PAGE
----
Shrub decline instead of shrub expansion in Arctic lowland tundra?

M.M.P.D. Heijmans, A.L. Nauta, D. Blok, J. Limpens, B. Li, P. Wang, J. van Huissteden, T.C. Maximov, F. Berendse

Research output: Contribution to conferenceAbstractAcademic

Abstract

Arctic tundra ecosystems are characterized by low vegetation and permanently frozen ground (permafrost). Permafrost thaw and the resulting release of greenhouse gases from decomposing soil organic carbon has the potential to accelerate climate warming. In recent decades, tundra shrub expansion has been observed in many places, in response to changing climate conditions. However, in our long-term field experiment at a Northeast-Siberian tundra site we have observed that the lowland tundra ecosystem is extremely vulnerable to increased thawing, e.g. due to disturbance, leading to thaw pond development and shrub decline . Removing the shrub part of the vegetation in the experiment initiated thawing of ice- rich permafrost, resulting in collapse of the originally elevated shrub patches into waterlogged depressions.If permafrost thawing can more frequently trigger such local permafrost collapse, methane-emitting wet depressions could become more abundant in the lowland tundra landscape, at the cost of permafrost-stabilizing low shrub vegetation, particularly in poorly-drained ice-rich permafrost regions. Shrub decline associated w ith increasing wetland extent seems an underestimated trajectory in response to climate warming, but would be in line with reports of lake expansion, and drownin,g larch trees close to the treeline in Siberian lowland tundra.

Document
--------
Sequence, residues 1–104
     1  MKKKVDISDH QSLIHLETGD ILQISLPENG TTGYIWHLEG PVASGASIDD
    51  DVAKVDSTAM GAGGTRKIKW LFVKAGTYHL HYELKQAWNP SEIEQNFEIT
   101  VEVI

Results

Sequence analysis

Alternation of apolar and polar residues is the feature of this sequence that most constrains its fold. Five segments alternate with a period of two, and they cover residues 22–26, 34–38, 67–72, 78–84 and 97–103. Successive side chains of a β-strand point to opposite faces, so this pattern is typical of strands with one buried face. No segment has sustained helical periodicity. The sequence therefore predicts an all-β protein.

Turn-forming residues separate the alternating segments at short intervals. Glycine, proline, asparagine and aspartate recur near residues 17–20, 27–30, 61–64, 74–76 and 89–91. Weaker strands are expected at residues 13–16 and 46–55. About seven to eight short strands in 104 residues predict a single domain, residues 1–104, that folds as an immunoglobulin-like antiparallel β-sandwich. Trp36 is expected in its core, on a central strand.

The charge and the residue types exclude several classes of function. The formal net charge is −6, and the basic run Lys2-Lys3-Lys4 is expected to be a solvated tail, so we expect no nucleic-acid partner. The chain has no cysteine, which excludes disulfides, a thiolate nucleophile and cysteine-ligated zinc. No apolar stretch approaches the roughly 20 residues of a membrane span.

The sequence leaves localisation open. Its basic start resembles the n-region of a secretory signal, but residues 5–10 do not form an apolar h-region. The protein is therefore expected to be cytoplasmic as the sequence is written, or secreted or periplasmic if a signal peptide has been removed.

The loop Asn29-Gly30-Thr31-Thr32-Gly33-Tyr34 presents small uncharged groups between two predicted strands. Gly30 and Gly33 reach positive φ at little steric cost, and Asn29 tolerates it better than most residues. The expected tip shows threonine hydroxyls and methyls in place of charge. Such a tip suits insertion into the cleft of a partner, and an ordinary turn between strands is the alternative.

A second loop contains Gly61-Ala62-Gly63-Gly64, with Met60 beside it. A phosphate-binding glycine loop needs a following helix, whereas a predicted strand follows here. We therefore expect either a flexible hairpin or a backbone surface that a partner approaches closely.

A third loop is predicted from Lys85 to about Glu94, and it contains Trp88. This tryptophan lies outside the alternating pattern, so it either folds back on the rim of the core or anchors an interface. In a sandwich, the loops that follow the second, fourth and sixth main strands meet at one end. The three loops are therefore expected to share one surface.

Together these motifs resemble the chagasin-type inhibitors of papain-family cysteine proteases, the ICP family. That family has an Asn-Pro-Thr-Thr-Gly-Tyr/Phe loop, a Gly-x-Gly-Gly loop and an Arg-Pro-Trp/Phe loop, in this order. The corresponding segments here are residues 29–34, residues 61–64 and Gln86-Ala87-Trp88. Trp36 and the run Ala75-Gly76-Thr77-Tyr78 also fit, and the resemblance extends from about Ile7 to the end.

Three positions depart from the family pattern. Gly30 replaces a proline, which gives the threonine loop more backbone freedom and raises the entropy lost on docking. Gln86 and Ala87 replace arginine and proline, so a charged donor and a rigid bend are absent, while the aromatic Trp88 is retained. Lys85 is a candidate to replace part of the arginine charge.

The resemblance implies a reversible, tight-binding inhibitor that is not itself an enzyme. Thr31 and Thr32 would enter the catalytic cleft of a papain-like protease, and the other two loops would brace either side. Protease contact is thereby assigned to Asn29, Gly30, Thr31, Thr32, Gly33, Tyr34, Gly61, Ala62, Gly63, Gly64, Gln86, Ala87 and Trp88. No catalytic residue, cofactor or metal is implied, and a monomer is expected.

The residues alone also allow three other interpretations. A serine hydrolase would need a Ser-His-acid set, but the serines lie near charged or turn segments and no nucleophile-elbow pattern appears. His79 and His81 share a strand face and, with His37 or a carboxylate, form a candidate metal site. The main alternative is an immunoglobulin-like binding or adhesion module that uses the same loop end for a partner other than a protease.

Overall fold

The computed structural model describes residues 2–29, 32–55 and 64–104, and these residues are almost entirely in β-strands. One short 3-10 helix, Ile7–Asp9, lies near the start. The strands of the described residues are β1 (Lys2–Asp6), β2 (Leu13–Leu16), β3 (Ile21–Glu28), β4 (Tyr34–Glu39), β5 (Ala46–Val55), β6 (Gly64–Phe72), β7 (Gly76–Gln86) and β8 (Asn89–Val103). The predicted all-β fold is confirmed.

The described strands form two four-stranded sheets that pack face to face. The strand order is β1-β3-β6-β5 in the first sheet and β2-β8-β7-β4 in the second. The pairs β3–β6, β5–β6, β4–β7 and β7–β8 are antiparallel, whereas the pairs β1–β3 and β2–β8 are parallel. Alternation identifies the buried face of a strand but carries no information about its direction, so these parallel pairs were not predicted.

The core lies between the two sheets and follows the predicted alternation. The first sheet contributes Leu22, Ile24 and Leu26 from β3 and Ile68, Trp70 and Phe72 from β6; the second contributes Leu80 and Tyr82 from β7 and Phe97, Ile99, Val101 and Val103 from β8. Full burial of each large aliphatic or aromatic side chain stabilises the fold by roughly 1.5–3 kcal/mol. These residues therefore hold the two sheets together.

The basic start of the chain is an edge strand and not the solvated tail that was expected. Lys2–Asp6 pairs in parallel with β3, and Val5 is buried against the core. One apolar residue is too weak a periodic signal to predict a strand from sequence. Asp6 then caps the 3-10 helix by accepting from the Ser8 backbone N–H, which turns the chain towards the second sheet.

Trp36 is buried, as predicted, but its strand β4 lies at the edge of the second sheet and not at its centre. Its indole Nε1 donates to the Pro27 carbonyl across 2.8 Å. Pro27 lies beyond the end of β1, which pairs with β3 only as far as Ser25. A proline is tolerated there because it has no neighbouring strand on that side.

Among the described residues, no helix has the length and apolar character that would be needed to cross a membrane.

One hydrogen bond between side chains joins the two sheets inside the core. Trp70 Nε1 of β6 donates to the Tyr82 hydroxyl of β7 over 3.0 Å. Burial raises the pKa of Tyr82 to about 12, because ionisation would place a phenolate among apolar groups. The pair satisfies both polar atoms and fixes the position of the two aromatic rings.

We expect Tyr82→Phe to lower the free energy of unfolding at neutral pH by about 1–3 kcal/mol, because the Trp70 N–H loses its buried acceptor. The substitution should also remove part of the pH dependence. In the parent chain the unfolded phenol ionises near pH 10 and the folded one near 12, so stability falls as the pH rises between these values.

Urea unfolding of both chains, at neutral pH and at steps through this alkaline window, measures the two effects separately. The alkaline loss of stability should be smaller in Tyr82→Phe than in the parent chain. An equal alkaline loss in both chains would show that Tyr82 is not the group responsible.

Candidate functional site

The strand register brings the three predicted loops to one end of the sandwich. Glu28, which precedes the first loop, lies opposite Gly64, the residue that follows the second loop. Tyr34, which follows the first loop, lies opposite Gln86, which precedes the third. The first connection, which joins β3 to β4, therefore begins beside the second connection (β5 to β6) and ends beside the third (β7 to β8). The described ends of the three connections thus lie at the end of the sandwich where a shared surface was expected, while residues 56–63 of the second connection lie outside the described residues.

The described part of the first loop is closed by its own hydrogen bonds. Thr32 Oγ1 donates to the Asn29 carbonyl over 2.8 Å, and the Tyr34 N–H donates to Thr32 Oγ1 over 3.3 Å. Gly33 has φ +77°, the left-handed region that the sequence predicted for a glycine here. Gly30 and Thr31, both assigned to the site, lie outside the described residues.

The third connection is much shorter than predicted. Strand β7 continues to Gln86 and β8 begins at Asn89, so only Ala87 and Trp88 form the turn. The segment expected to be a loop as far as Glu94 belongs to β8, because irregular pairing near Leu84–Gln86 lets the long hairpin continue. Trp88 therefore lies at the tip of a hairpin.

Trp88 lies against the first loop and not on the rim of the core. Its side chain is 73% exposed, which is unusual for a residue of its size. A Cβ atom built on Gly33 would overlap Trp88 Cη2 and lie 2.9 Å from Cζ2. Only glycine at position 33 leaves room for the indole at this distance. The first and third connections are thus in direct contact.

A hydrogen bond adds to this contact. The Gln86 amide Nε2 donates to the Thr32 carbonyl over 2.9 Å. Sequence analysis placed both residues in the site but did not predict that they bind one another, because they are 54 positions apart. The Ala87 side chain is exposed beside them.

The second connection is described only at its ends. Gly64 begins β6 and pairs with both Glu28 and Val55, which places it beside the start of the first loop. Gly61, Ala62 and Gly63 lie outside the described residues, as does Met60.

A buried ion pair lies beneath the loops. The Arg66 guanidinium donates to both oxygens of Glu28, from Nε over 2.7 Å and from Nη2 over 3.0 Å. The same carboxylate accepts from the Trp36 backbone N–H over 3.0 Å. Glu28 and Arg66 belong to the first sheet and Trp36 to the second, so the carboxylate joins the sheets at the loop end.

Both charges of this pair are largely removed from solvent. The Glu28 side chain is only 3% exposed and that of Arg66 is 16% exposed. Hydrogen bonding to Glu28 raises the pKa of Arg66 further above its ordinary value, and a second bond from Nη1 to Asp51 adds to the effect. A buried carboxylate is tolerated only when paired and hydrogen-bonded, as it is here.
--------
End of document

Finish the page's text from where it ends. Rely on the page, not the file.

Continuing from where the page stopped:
Conference

ConferenceNAEM 2015, Netherlands Annual Ecology Meeting, Lunteren, The Netherlands
Period10/02/1511/02/15

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tundra
permafrost
shrub
thawing
vegetation
warming
ice
frozen ground
ecosystem
treeline
climate
climate conditions
greenhouse gas
pond
methane
organic carbon
trajectory
wetland
disturbance
lake

Cite this

Heijmans, M. M. P. D., Nauta, A. L., Blok, D., Limpens, J., Li, B., Wang, P., ... Berendse, F. (2015). Shrub decline instead of shrub expansion in Arctic lowland tundra?. Abstract from NAEM 2015, Netherlands Annual Ecology Meeting, Lunteren, The Netherlands, .
Heijmans, M.M.P.D. ; Nauta, A.L. ; Blok, D. ; Limpens, J. ; Li, B. ; Wang, P. ; van Huissteden, J. ; Maximov, T.C. ; Berendse, F. / Shrub decline instead of shrub expansion in Arctic lowland tundra?. Abstract from NAEM 2015, Netherlands Annual Ecology Meeting, Lunteren, The Netherlands, .
@conference{f671b61f25b54366bd1c3937a0b91f84,
title = "Shrub decline instead of shrub expansion in Arctic lowland tundra?",